Who's watching your smartphone?
Last night hacktivist group Antisec released one million and one Apple iOS IDs, device names and push notification tokens it claims were taken from an FBI laptop.
Antisec said it was releasing the details as a publicity stunt to make people stop and realize the level of state surveillance that is going on in the modern world.
While some mainstream media quickly reported it as a hacker attack on privacy and Apple’s security, it was neither. Antisec said it removed any personally identifiable information from the subset released, and gained access to the file in March from a Dell Vostro notebook owned by a special agent, Christopher Strangl. The group claims to have used a known Java exploit to access the notebook, and while browsing through its contents found a file named, “NCFTA_iOS_devices_intel.csv.”
This purportedly turned out to be a list of 12 million Apple iOS devices including the unique device identifiers (UDID), device name, and Apple push notification service tokens, along with the postal codes, telephone numbers, addresses and other personal details of the smartphone owners
The list leaked, it must be stressed, only includes three fields without the personal information. I downloaded the file, unencrypted it with the key that was posted, and got a huge plain text file with those three fields.
As long as you know how to use a Linux command line, all of that was trivial.
Had this file been released before May last year, that same query would also give out the GPS coordinates and in some cases, the Facebook profile of that same user. However, those glaring breaches of privacy were plugged by OpenFeint – a mobile social gaming network for iOS devices that I used to access the UDIDs.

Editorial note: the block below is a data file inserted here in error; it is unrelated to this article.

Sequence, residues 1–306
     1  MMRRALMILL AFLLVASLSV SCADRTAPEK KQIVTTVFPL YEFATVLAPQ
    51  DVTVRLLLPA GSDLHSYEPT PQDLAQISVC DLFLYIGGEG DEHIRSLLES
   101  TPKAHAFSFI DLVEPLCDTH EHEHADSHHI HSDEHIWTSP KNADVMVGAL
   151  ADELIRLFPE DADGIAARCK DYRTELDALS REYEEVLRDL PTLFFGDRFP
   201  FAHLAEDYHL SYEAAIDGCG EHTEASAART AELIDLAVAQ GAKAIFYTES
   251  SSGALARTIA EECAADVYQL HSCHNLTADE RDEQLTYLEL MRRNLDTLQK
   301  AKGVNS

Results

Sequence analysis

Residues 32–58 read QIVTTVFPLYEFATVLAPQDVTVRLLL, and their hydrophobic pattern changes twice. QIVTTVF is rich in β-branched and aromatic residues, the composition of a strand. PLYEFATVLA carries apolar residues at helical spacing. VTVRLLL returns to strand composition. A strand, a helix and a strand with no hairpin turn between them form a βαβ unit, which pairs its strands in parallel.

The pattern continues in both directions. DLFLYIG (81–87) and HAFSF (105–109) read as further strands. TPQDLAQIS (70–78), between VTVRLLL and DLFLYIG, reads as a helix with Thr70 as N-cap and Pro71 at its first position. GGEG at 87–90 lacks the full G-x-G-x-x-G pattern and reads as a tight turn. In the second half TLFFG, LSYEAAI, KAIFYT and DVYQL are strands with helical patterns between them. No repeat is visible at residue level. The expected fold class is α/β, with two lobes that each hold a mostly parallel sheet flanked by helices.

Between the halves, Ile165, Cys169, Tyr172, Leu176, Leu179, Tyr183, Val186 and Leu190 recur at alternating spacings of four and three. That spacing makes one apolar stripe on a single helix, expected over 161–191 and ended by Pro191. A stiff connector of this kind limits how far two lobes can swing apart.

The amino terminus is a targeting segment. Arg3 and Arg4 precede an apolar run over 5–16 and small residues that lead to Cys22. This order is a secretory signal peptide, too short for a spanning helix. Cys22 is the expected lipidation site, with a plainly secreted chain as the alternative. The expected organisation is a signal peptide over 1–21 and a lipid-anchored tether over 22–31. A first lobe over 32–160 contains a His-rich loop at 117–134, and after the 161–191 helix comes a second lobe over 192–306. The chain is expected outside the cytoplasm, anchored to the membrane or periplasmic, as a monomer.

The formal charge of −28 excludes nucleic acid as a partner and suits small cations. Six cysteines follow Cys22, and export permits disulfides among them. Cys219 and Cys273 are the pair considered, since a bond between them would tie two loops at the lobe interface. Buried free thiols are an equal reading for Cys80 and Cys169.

The UDID is collected by many apps, not just Apple’s own, but OpenFeint, DropBox, Amazon and many others who specialize in analytics.
The other nugget of information is the Apple Push Notification (APN) token. APN was announced in iPhone OS 3 in 2008 to allow a much more battery friendly way of pushing real time notifications to the phone rather than rely on background processes to pull information, which by nature are very battery intensive.
The system works through having the phone maintain a single open connection with Apple’s servers at all times for all push notifications. An app that wishes to push information to a phone will need the APN token (generated when the app was first used) and to send that and the payload to Apple’s servers, which will then push messages of up to 256 bytes to the phone.
Since the connection to Apple’s servers is encrypted, access to the APN token should not be a problem. At most, it should mean that a rogue software developer could sign up and then use the token to send a push notification to your phone that you were not expecting, triggering some app that is in that phone.
Actually, judging from the discussions on developer website StackOverflow, this is already a problem with developers where notifications for one device are pushed to other devices and apps by mistake. Contrary to Apple’s own documentation guidelines, the APN token is the sometimes the same for every app on the phone and in some cases, across phones belonging to the same person.
Of course, the real question we should be asking is what is the FBI doing with 12 million records of this nature?
We are rapidly moving towards a surveillance society. The question is: can we entrust our privacy to the big corporations? Or do we forgo the ease and take responsibility into our own hands by using proper computers that are self-contained and do not rely on the cloud?
When the BlackBerry craze took hold I, for one, shuddered at the thought of surrendering my email credentials to a third party to aggregate. At the time, I was branded an old-school refusik, but it took scandals in the Middle East and India to make people wake up and realize the danger.
Today’s leak highlights not just the enormous amount of data that Apple has on its users, but that someone, FBI or not, is actively collecting that information. It is a wake-up call. Question is, how many people will take heed?
[EDITOR’S NOTE: Since the time of writing, the FBI has denied collecting the information or that the agent’s computer was compromised.]